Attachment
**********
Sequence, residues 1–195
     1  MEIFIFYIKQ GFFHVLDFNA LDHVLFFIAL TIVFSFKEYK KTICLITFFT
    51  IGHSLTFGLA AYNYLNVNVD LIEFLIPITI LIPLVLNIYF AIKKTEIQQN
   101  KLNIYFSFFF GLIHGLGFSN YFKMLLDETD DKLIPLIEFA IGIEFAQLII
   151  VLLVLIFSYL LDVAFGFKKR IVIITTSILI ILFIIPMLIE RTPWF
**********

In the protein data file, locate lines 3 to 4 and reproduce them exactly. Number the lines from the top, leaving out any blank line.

    51  IGHSLTFGLA AYNYLNVNVD LIEFLIPITI LIPLVLNIYF AIKKTEIQQN
   101  KLNIYFSFFF GLIHGLGFSN YFKMLLDETD DKLIPLIEFA IGIEFAQLII